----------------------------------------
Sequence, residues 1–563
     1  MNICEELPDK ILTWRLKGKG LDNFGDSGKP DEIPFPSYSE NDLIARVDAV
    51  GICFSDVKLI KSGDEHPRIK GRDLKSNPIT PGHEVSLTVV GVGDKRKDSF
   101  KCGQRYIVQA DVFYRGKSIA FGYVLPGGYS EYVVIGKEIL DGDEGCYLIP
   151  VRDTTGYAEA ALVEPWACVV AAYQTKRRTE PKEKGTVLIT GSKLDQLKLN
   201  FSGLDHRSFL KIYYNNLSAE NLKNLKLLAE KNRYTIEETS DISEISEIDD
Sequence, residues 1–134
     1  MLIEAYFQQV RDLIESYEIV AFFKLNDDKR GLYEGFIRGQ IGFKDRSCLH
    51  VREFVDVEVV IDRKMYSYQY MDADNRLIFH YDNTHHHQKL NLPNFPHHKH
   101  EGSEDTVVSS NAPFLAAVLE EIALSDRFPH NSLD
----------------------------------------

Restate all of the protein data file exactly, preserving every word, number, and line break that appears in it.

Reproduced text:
Sequence, residues 1–563
     1  MNICEELPDK ILTWRLKGKG LDNFGDSGKP DEIPFPSYSE NDLIARVDAV
    51  GICFSDVKLI KSGDEHPRIK GRDLKSNPIT PGHEVSLTVV GVGDKRKDSF
   101  KCGQRYIVQA DVFYRGKSIA FGYVLPGGYS EYVVIGKEIL DGDEGCYLIP
   151  VRDTTGYAEA ALVEPWACVV AAYQTKRRTE PKEKGTVLIT GSKLDQLKLN
   201  FSGLDHRSFL KIYYNNLSAE NLKNLKLLAE KNRYTIEETS DISEISEIDD
Sequence, residues 1–134
     1  MLIEAYFQQV RDLIESYEIV AFFKLNDDKR GLYEGFIRGQ IGFKDRSCLH
    51  VREFVDVEVV IDRKMYSYQY MDADNRLIFH YDNTHHHQKL NLPNFPHHKH
   101  EGSEDTVVSS NAPFLAAVLE EIALSDRFPH NSLD